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How do you Calculate your Net Promoter Score?

When measuring Net Promoter Score (NPS), you are surveying your customers to find out who is happy and who isn’t, by asking a single question.

“Based on your recent experience with this company, please indicate how likely is it that you would recommend our company to a family member, friend or colleague?”

On a scale of 0 to 10, where 0 is not at all likely to and 10 is extremely likely.

Survey respondents then choose a rating on an 11-point scale that goes from 0 (not at all likely) to 10 (extremely likely) and, depending on their response, will fall into one of three categories, establishing the NPS score:

The first category is Promoters.

Promoters respond with a score of 9 or 10.  They are typically loyal and enthusiastic customers, promoting your brand, products and services through positive word-of-mouth. Promoters will keep buying from you and will fuel your growth by referring others to you.

The second category is Passives.

Passives respond with a score of 7 or 8. They are satisfied with your service but not happy enough to be considered promoters.  Passives are unenthusiastic customers who sit on the fence in terms of customer loyalty and they could be tipped either way based on something small.  They could easily become detractors and equally a small improvement could convert them into a promoter. Passive customers are also vulnerable to switching to competitors.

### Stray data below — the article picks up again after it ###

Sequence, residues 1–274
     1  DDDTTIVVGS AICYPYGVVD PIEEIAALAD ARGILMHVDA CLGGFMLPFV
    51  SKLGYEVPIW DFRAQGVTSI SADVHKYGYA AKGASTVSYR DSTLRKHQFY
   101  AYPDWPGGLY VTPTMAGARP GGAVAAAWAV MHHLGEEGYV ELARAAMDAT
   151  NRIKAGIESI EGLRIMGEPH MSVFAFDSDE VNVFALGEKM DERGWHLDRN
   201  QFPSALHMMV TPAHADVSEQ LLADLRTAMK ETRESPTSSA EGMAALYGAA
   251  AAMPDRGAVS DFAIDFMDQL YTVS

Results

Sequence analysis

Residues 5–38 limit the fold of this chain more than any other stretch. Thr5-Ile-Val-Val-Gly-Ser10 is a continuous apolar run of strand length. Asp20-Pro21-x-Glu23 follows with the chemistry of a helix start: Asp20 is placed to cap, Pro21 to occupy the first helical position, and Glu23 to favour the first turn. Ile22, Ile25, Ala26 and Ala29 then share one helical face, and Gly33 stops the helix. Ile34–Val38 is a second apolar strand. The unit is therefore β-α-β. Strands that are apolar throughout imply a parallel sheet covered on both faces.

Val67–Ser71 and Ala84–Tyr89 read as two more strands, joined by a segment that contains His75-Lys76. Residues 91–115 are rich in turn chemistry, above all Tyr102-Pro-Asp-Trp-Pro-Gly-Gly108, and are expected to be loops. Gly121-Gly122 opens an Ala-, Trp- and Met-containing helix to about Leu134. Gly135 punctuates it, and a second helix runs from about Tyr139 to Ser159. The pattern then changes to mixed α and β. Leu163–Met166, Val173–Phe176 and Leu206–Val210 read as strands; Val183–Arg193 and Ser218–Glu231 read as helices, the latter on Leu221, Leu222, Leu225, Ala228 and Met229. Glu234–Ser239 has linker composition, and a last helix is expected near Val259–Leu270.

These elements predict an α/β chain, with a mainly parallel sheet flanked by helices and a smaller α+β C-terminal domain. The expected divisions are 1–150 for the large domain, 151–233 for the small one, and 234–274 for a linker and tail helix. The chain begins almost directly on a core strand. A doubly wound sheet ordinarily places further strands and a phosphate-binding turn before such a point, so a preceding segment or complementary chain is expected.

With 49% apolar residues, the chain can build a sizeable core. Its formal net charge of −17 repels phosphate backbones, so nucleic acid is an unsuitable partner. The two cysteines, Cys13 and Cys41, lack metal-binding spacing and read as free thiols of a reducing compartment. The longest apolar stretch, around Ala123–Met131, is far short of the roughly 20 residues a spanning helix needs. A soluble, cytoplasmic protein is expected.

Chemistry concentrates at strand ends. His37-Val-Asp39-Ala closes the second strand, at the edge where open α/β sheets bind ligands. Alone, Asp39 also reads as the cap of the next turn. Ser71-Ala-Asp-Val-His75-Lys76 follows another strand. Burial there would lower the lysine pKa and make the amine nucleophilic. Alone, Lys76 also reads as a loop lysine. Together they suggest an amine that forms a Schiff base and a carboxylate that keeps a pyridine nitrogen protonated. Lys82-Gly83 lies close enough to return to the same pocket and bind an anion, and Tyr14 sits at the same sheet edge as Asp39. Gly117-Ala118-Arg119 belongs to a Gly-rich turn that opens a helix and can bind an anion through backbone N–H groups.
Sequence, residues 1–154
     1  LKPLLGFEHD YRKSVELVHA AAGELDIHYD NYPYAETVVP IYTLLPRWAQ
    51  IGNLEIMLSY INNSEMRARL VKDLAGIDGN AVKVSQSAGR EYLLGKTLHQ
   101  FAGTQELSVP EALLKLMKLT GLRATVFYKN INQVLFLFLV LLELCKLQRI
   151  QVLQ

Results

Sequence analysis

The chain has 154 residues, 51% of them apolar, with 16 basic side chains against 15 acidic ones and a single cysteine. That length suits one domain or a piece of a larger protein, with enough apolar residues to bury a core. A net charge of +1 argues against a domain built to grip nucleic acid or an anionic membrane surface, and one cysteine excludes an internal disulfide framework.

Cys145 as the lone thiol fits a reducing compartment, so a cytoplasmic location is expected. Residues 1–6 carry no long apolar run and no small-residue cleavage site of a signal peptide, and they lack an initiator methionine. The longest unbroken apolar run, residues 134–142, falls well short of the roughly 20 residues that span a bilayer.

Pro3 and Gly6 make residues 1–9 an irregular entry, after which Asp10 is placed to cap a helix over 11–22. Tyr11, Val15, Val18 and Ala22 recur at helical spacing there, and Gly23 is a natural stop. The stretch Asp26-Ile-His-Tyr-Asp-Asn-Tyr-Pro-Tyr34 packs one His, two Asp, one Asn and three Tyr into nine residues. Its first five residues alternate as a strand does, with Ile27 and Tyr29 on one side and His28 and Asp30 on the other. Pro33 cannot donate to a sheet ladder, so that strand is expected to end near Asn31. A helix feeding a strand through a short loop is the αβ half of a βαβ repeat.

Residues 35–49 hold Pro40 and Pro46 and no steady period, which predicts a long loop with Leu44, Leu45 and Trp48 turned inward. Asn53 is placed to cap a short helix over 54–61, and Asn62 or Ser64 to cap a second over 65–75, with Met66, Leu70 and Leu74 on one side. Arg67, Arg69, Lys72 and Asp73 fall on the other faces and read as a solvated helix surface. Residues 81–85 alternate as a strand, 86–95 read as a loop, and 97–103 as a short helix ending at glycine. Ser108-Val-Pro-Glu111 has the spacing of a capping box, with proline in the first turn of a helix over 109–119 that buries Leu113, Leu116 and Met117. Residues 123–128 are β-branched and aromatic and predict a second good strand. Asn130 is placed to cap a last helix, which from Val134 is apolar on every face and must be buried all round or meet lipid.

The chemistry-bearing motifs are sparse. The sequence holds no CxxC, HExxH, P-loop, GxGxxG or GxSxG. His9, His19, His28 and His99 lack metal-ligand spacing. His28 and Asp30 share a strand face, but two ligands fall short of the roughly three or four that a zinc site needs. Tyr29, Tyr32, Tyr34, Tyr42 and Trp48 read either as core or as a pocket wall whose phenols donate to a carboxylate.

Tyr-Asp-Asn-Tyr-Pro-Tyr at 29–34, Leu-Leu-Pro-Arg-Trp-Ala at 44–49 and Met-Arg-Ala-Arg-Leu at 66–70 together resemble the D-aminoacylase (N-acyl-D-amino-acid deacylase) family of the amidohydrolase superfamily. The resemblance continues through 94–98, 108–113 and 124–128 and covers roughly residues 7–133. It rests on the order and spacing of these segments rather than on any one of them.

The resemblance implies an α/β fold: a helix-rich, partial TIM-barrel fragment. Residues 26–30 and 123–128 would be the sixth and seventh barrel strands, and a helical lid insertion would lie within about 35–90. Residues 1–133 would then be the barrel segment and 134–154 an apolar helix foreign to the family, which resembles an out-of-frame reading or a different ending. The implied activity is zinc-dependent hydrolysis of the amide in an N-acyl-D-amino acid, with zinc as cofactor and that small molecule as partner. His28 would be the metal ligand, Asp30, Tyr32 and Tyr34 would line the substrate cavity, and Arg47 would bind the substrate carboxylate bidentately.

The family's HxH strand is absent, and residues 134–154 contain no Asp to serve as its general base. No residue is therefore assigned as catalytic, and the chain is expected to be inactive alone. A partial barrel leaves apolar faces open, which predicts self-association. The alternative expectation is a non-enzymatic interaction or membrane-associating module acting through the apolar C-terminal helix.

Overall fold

The third category is Detractors.

Detractors respond with a score of 0 to 6. These are unhappy customers who are unlikely to buy from you again, and may even discourage others from buying from you, by spreading negative word-of-mouth about your brand, products and services.  Detractors can damage your brand and impede your growth.  These customers are very open to competitive offers and could be actively planning to leave you and will encourage others to follow their lead.

So How Do You Calculate Your Net Promoter Score?

Net Promoter Score is calculated by taking the percentage of Promoters in your survey and subtracting the percentage of Detractors. This number is your NPS figure.  NPS can be a whole number between -100 and +100.

Here’s an example:

Let’s say 1,000 customers take the NPS survey and results show the following.

  • 40% of your customers are Promoters (i.e. they scored your company a 9 or 10)
  • 50% of your customers are Passives (i.e. they scored your company a 7or 8)
  • 10% of your customers are Detractors (i.e. they scored your company a 0, 1, 2, 3, 4, 5 or 6)

Net Promoter Score (NPS) = (% Promoters) – (% Detractors)

NPS = 40% (PROMOTERS) – 10% (DETRACTORS) = 30 (note you drop the %)

Your NPS is +30

Final Thoughts…

Remember your NPS score can be any score between +100 and -100.

For instance an NPS of 0 (zero) means you have the same percentage of customers who are promoters as detractors, meaning you have the same number of customers who love their experience, as the number of customers who hate their experience!

It is interesting to me how an NPS score of zero, boils down a very complex reality for any business into one simple to remember number.

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